I’d only just managed to stop referring to Michael C. Hall as “David from Six Feet Under” and finally moved on to “Dexter from Dexter”, and now I can’t even say that. Here he plays a Texan with bad hair, who shoots an intruder in his home and soon finds himself embroiled in something much worse than his mullet. This 1989-set thriller is pitched somewhere between this year’s Blue Ruin and David Cronenberg’s A History of Violence, so plot-wise its familiar stuff. But its originality lies in its execution, playing with genre and shifting in style to exciting effect.
Adapted by Jim Mickle and Nick Damici from Joe R. Lansdale’s novel, the film starts out as a neo-noir but breaks free of genre trappings in a way that’s surprisingly cohesive. It all feels part of the same piece, while changing direction with a gripping unpredictability. It’s pulpy, nasty and funny as and when the story requires, giving it an idiosyncratic edginess. One scene set in a video rental shop sees the camera knowingly move from the “Mystery” section to the “Action” section, winking at the audience as they enjoy a similar journey.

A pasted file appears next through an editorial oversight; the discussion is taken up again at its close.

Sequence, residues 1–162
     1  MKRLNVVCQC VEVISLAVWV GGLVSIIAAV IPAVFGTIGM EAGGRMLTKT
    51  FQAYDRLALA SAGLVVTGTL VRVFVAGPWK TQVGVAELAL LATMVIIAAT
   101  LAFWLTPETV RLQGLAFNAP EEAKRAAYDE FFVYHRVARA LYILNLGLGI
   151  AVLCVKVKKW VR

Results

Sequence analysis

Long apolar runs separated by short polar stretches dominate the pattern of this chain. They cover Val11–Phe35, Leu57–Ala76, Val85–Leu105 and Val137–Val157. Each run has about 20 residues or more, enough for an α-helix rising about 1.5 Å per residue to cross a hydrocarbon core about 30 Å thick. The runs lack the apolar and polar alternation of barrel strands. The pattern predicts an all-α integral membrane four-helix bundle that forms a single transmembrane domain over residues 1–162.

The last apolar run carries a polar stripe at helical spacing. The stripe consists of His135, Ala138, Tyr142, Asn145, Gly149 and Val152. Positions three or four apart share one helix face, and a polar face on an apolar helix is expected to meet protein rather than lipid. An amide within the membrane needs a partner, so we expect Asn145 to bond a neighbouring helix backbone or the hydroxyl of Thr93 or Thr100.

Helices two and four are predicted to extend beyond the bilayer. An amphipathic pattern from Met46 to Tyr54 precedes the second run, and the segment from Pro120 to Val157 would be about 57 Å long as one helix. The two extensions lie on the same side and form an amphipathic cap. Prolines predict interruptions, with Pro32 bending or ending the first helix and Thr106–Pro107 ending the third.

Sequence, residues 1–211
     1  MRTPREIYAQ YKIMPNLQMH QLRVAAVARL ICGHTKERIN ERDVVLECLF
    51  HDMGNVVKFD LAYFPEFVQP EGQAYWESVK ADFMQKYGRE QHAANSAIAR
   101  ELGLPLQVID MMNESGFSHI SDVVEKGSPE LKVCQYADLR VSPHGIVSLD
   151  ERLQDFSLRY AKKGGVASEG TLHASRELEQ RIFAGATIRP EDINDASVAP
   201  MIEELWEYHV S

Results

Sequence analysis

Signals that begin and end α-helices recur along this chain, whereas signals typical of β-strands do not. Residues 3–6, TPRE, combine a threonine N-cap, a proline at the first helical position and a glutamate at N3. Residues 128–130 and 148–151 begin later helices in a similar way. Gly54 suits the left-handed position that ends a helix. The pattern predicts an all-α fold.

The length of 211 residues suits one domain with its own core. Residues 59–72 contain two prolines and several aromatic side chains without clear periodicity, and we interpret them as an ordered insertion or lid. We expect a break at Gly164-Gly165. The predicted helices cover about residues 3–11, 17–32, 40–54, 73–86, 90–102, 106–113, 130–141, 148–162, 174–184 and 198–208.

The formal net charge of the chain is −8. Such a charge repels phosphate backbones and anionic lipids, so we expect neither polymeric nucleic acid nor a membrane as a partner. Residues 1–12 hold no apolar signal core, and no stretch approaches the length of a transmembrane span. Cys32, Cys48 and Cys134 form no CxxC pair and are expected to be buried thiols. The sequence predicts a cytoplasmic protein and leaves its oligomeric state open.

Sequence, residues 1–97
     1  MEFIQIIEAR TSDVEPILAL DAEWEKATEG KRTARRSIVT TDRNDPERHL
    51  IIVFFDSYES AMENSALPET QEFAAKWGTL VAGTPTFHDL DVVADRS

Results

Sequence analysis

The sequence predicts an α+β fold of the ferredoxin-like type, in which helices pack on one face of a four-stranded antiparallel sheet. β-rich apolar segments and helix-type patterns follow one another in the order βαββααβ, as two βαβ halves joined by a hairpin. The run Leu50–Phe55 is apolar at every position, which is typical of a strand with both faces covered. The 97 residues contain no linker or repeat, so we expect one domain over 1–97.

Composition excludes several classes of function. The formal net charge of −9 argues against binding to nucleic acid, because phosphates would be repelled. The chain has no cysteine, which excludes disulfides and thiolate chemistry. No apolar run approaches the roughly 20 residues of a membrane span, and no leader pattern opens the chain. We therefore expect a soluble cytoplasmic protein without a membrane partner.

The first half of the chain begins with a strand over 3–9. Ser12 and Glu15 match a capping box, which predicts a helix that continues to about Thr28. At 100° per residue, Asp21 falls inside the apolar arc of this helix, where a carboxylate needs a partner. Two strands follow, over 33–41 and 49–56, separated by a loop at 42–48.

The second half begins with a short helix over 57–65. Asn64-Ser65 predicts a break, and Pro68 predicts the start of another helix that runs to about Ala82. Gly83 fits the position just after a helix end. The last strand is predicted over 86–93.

The VHS store, drive-in and diners give Cold in July a strong sense of place, all shot with moody atmosphere by director Jim Mickle and cinematographer Ryan Samul. The violent underbelly of small-town America is explored with a pervasive sense of threat and darkly brooding tension. Interesting characters are expertly played, especially Michael C. Hall who brings the same quiet intensity that characterised David Fisher and Dexter Morgan. You actually forget it’s Dexter, which is impressive given his seven years inhabiting the role. He’s brilliantly supported by a very scary Sam Shepard and a very funny Don Johnson.
Despite the mystery element of the film being sadly neglected and the only female character being typically awful, Cold in July is an innovative hardboiled thriller, which stands out thanks to its genre-bending sensibilities. It’s interesting that Michael C. Hall’s character is a picture framer by profession, another allusion to the film’s constant pushing of borders and boundaries.